The support 40 reaches the lowest Z height 110 at time t2. The support 40 is held at a constant Z height during a portion of the graph labelled 76 between time t2 and time t0. During the portion 76, the vacuum in the tool head 14 is stopped so that the component 20 is no longer secured to the tip 16. Thus, the component 20 is deposited onto the target member 70.
Once this placement operation is complete, the programmable motor actuates the support 40, in order to move the support 40 from being stationary at t0 in an upward direction, thereby relieving the pressure forcing the tip 16 into contact with the target member 70. A portion of the graph 90 represents the upward movement of the support 40 in the Z direction which begins from the placement height 110 at time t0. Acceleration and velocity of the support 40 are registered by the programmable motor when the support 40 is moved upwardly at time t0. As shown in the portion 90, the sensor 60 switches state again at time t1 when the sensor 60 detects that the support 40 is at the predetermined distance from the stop member 30. The time interval between initial movement of the support 40 at time t0 and when the sensor 60 changes state at time t1 is recorded.
Providing maximum speed is not reached in the Z direction and the initial speed and acceleration along with the time interval from t0 to t1 is known, the distance s between Z height 110 and 100 can be calculated as follows:
Thus parameters of acceleration and velocity registered by the motor and the measured time interval allow the distance s between Z heights 100 and 110 to be calculated. Since Z height 100 is the point at which the sensor 60 changes state and should be known, the height 110 in the Z direction, which corresponds to the height of the upper surface of the target member 70 can be calculated with precision. The height difference between 110 and 100 is proportional to and therefore gives an indication of the amount of spring 50 compression. Thus, the actual pressure applied by the tool 10 on the target member 70 can be determined with reference to the optimum pressure.
For the first assembly operation, an estimate is made of the Z coordinate at which the target member is predicted to be positioned. Thus, the programmable motor drives the support 40 until time t2 to a theoretical height 110 for optimum spring crushing. For repeated pick up or placement operations calculated data for the actual Z height 110 can be fed into the programmable motor and a new estimated Z height 110 can be determined.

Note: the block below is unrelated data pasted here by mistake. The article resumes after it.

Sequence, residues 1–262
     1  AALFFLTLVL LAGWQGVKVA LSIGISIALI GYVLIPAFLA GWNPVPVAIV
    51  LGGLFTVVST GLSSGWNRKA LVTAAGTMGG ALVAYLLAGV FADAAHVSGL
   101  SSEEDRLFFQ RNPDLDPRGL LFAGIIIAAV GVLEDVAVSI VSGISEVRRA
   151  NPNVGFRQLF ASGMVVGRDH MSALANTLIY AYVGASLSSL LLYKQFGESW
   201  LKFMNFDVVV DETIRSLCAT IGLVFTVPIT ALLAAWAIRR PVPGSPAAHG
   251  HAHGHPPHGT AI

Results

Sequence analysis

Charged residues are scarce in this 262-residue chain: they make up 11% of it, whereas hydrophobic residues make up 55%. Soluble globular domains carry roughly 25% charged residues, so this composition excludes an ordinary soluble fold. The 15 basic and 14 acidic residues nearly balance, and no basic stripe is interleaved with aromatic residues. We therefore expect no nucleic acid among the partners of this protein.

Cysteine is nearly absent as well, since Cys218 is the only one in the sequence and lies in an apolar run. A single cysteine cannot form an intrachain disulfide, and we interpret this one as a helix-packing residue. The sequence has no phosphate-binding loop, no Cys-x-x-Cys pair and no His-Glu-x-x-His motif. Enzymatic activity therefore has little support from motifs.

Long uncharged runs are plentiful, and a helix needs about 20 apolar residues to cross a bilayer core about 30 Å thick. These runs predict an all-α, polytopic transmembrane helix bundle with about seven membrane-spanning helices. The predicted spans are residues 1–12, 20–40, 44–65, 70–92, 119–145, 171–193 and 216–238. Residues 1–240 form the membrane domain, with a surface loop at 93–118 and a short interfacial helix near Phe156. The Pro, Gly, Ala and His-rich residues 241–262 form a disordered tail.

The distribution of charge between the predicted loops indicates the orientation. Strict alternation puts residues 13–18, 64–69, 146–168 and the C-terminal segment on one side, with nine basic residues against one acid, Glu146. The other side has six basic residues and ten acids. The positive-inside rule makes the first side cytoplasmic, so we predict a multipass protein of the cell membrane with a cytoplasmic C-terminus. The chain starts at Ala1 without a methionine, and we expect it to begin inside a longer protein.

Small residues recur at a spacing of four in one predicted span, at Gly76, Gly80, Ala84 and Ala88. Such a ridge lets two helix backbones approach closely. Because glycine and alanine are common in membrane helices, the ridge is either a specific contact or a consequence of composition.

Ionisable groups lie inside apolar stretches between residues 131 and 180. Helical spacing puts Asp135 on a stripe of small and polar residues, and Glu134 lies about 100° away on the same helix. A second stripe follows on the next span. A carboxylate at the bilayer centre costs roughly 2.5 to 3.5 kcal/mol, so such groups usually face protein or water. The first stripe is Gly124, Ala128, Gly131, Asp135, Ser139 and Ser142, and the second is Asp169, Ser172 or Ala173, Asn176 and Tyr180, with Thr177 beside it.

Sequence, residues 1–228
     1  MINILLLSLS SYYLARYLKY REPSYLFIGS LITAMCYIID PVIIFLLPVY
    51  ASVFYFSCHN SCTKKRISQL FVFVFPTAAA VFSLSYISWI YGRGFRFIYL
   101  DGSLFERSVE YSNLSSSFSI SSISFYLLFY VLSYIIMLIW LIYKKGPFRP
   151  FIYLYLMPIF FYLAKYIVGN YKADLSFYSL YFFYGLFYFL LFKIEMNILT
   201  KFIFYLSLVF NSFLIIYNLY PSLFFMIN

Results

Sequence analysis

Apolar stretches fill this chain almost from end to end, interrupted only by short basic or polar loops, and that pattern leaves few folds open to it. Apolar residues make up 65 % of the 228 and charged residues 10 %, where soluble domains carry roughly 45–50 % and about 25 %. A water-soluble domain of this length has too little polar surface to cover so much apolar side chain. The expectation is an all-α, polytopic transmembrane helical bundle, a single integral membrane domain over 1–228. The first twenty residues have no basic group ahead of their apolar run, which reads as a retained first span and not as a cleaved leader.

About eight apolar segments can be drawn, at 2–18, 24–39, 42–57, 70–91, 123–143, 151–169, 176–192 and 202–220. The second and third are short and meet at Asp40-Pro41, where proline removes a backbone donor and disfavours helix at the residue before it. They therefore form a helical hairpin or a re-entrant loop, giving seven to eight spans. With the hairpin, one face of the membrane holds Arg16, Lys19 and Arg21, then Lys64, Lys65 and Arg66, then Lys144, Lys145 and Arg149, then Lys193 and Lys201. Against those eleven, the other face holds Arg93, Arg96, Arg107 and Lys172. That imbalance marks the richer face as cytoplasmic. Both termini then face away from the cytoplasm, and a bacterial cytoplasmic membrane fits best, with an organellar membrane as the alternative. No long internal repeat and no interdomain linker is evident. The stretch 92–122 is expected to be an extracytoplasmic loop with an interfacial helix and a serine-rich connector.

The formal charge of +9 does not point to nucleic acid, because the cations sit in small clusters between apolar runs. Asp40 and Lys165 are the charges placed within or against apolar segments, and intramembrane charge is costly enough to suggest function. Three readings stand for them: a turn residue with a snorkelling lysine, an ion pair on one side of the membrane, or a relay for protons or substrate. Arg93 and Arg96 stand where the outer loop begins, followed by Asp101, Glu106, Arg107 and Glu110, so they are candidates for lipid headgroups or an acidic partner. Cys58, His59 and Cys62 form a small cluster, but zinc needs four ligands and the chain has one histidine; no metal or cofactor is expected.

Usually, consecutive components 20 are placed in different locations during the placement operation. However, where each consecutive component 20 is placed adjacent the previous component 20, the Z height in the placement operation can be readjusted wholly or partially in response to the previously calculated Z height 110.
The same procedure can be employed for the pick up operation. Each component 20 can be picked up from a magazine at the same X-Y position. The correction of the Z pick up height 110 for each magazine can be determined by taking into account the measured spring 50 crushing during pick up of the previous component 20 in the same magazine.
The method allows real time calculations to be made by measuring the time difference between t0 and t1 from when the support 40 begins its upward movement until the sensor 60 changes state. The real time calculation of spring 50 compression enables the motor to be reprogrammed in real time to adjust Z height for future operations. Several commercial benefits are associated with this method including the fact that assembly time can be optimised per operation and therefore improved assembly rates can be obtained.
Modifications and alterations can be made without departing from the scope of the invention. Although in the described embodiment the assembly head 24 moves with respect to the target member 70, the relative movement to bring part of the assembly head into contact with the target member 70 could occur due to motion of the target member 70 or due to motion of both the target member 70 and the assembly head 24. The method and apparatus as described herein is also suitable for use with assembly machines in fields other than electronic printed circuit boards.
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|U.S. Classification||702/149, 702/158|
|International Classification||G01P11/00, G01B21/04, G01B5/02|
|Feb 27, 2008||AS||Assignment|
Owner name: EUROPLACER INDUSTRIES SA, FRANCE
Free format text: ASSIGNMENT OF ASSIGNORS INTEREST;ASSIGNOR:CHATAIGNER, GABRIEL;REEL/FRAME:020621/0553
Effective date: 20080212
|Jul 19, 2011||CC||Certificate of correction|
|Nov 5, 2014||FPAY||Fee payment|
Year of fee payment: 4